Techathlon podcast: Net Neutrality, publicity stunts, and streaming stats
Play along with the most competitive tech podcast around.
Remember back in January when you swore that you were really going to get in shape this year? You bought new workout clothes and ordered some of those “super food” shakes your friends are constantly trying to sell you from their pyramid scheme business. But then, somewhere in the middle of frigid February, it all fell apart and you found yourself neck deep in Taco Tuesdays that lasted well into Thursday. It’s OK, though. Even if you don’t hit your physical fitness goals for summer, the new episode of Techathlon is here to help you tone those brain abs.
This week’s episode has lots of content packed in, so pick your favorite way to listen to podcasts (iTunes, Stitcher, Anchor, and pretty much anywhere else you find excellent podcasts loitering around) and then dive in. Oh, and be sure to follow us on Twitter so you can talk smack. Here’s a preview of what to expect.
Last Week in Tech
Before we get into the games, we take a look back at some of the big technology stories that happened last week. Here’s a taste.
Facebook will maybe, sort of, kinda make its services more secure, possibly.
The fight for Net Neutrality is heating back up.
A 10 million pound undersea cable set an internet speed record.
Show & Tell
We get a lot of weird gadgets in the Pop Sci offices and this week’s edition of Show & Tell was a secret to two of our hosts. Here’s a hint: It involves listening to U2 songs and looking like Danny McBride from Eastbound and Down.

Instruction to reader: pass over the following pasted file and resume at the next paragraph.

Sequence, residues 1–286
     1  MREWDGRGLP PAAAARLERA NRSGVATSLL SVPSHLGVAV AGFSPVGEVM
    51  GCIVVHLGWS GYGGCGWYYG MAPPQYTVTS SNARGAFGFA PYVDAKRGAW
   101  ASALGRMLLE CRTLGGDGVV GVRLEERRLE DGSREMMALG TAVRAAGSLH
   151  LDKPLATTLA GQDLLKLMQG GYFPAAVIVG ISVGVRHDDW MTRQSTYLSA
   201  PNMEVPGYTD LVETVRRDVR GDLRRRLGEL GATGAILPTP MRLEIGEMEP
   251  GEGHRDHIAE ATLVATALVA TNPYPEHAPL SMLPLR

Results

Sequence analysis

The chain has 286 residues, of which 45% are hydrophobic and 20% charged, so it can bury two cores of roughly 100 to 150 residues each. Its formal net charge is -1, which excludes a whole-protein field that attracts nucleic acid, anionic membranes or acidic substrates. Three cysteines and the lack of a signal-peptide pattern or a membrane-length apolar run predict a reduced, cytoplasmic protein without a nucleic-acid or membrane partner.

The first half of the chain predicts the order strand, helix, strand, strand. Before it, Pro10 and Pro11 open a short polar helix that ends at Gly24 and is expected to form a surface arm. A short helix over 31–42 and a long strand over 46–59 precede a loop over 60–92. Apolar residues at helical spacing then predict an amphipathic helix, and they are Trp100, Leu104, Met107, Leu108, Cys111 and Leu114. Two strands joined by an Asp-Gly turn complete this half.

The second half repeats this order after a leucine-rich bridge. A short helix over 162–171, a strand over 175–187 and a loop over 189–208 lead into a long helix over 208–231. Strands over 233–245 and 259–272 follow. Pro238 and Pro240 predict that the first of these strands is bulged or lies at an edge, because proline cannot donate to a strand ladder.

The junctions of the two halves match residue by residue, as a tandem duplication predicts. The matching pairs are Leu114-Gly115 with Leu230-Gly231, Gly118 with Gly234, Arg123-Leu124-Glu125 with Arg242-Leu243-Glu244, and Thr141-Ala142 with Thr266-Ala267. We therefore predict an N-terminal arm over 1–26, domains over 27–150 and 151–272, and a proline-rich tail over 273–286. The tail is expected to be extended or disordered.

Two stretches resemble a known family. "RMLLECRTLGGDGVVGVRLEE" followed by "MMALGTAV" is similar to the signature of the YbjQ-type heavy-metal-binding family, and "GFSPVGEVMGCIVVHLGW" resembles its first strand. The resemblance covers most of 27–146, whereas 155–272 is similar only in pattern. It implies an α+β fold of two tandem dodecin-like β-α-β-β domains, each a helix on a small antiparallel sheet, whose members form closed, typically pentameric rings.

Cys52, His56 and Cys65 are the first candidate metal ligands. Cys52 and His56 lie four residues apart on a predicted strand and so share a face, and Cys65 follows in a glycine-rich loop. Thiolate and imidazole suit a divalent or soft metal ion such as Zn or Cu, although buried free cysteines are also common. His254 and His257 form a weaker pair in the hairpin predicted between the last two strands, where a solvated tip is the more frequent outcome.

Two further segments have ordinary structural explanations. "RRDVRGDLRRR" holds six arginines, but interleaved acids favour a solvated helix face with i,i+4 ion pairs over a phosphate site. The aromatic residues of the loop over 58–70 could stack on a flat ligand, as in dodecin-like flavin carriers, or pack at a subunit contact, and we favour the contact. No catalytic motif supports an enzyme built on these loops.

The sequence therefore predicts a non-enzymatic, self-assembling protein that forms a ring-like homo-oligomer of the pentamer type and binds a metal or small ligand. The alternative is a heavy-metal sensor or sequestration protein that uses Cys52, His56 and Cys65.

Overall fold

Shut the Stunt Door
Tech companies love publicity stunts, so for this game, we’re recapping some of the most ridiculous feats of self-promotion ever attempted. Did you know that a major tech company once considered sponsoring a streaker at a large sporting event?
The Jibo home companion robot will soon die because its servers are shutting down. It told its users about it in a sad goodbye routine that involved some sappy robot emotions and a dance. We honor some other recently-discontinued gadgets by writing haikus for them.
Don’t Stat Me: Streaming Music Edition
The Recording Industry Association of America recently released some statistics about how people bought and listened to music in 2018 and it revealed some interesting bits. We dig into the numbers before heading back to our desks to listen to our shameful Spotify playlists that we hope no one ever finds out about. How many Dire Straits songs is too many?